Note that I did not say "work with horses" here. Working in close proximity to horses on something that does not involve grooming, tacking up, or groundwork is an adventure in itself. Oh my, the joys of maintaining a farm with horses around are many and varied. One of them is attaining close companionship with your beasts whilst attempting to improve their home (or yours). Really close. Like, beat them out of your back pocket because they are playing with the pocket flap while you're bent over close. Like, guard the shift lever knob of the lawn tractor because Pilot is trying to crib on it close. Like, get your frigging nose out of the tool bucket close. When horses are loose in the pasture and you need to do something there, your choices are always to lock them up somewhere else or live with their curiosity. Me, I enjoy the entertainment value. Most of the time.
Let me back up and explain how this subject sprang to mind. Every spring is, of course, the time when fences need to be checked and mended, the weeds get sprayed, the barn gets thoroughly scrubbed out and reordered, and general maintenance on the whole place gets done. Landscaping projects get started, and I get to spend a lot of time outdoors, in and out of the pasture and barn. My horses are currently on pasture, sleek, fat, and happy. So happy, in fact, that they have lost their initial exuberant attitude toward being out on grass and are now spending a lot of time lazing in the shade in the barn. This is lovely so long as one is not required to do anything related to the stalls or the corral itself.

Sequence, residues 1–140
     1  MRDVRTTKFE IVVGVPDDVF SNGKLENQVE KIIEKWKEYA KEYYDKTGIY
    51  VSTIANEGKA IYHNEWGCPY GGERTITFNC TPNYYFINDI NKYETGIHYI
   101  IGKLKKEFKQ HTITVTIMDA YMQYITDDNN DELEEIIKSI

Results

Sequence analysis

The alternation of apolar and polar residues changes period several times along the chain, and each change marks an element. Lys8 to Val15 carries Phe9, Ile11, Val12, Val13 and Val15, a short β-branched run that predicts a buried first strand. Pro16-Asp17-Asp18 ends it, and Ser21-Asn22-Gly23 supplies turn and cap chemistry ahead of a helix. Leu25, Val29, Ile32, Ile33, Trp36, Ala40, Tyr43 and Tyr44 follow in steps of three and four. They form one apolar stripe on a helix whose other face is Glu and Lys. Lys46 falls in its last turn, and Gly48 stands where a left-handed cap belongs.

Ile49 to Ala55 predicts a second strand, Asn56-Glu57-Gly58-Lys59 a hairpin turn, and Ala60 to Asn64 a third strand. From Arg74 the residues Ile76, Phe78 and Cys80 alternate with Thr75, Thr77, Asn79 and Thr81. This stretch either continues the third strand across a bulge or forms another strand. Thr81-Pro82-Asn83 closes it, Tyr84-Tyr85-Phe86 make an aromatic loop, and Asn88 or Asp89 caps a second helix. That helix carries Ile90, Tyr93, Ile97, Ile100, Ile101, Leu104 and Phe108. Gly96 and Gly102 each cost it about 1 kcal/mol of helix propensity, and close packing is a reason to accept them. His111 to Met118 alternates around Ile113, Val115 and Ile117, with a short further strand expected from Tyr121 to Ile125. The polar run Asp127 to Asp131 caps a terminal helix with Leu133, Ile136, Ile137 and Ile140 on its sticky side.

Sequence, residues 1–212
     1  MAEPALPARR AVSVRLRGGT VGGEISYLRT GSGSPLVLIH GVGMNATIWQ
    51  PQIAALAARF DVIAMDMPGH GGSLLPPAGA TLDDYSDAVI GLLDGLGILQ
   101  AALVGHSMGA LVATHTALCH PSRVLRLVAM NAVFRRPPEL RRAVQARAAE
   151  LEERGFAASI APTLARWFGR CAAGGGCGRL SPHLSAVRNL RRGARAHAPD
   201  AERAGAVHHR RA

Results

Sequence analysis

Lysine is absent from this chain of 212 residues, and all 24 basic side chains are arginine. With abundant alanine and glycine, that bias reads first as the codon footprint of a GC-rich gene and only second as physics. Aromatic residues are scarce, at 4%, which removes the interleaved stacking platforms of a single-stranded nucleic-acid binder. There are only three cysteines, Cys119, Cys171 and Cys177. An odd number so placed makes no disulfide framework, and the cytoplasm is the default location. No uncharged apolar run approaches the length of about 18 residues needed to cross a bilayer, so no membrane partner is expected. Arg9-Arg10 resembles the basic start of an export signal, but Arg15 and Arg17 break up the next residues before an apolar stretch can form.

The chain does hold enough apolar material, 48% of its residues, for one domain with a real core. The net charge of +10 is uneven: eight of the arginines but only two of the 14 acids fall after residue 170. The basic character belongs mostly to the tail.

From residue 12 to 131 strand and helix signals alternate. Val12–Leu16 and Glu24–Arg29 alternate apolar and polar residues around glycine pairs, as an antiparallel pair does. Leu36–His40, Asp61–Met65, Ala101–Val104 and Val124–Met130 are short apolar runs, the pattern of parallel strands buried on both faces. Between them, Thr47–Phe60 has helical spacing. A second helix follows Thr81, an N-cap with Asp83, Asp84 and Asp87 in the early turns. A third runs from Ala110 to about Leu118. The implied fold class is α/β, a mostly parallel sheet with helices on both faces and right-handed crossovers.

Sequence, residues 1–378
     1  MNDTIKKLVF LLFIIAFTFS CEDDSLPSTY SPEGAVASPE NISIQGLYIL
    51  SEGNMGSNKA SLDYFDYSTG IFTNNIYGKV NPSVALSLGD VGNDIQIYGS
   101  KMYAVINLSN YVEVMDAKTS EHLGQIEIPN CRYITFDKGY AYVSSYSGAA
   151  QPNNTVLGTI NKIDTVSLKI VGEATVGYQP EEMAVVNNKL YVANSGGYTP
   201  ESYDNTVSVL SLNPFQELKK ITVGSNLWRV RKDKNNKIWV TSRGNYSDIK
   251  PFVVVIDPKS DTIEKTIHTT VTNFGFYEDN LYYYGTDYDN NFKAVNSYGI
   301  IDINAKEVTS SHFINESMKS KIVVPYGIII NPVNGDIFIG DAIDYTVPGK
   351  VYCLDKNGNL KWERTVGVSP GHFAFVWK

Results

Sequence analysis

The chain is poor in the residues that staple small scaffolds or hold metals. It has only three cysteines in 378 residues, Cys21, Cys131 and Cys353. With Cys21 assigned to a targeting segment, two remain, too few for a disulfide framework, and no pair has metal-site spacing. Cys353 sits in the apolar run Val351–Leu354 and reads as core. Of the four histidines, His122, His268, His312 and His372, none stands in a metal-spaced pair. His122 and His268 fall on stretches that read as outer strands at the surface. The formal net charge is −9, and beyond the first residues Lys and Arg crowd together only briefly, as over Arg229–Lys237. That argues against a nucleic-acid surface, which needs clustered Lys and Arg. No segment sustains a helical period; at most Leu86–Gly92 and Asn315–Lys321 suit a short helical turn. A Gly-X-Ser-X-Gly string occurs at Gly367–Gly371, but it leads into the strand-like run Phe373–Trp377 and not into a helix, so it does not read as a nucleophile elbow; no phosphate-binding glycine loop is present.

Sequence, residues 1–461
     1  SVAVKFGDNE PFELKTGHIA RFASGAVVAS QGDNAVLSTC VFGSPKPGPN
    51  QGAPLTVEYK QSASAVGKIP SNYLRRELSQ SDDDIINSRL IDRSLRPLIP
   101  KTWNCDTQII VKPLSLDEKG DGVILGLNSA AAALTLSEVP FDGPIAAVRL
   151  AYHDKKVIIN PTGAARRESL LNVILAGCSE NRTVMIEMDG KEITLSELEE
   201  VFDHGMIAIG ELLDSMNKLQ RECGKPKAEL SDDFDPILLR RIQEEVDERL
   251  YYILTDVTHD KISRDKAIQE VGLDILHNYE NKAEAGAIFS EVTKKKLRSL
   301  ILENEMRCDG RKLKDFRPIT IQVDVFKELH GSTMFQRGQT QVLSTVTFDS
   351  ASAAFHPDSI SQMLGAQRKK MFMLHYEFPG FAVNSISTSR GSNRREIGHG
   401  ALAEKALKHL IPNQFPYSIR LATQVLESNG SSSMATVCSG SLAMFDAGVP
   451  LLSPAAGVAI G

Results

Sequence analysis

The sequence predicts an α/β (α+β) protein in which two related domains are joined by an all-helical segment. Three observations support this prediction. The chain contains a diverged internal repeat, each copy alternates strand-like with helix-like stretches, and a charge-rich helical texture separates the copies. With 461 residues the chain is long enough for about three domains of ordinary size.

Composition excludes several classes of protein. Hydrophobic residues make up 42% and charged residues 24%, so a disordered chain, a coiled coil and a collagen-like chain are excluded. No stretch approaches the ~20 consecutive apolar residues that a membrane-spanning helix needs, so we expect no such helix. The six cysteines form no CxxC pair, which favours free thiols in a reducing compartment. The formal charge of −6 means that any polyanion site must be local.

My latest landscaping project is putting in small square edging bricks between the driveway and the yard. It looks really good, but there is a low spot at the end that needs filling. Since the manure pile has been nicely rotting down for years, it provides a good source of dirt, albeit a little rich to use without mixing it with less fertile soil. For filler, though, it's just fine, so this morning I got out my trusty lawn tractor and my dump wheelbarrow, hooked 'em up, and drove into the corral. And, of course, there were Nellie and Pilot swishing flies in the barn. Hoping for treats and/or their itchy spots scratched, naturally they came over to say hello.
Now a horse cannot say hello without getting as close as possible. This means sticking his head in the wheelbarrow (it's MANURE, guys. Yours. There are no treats here.), nudging the whole works to see if it might move and entertain him, and checking out in close detail the fascinating apparition that is the lawn tractor. The noise doesn't bother them, nope. In fact, I have to shoo them off quite vigorously or threaten to nudge them with the front end in order to get them out of the way when I'm ready to drive off.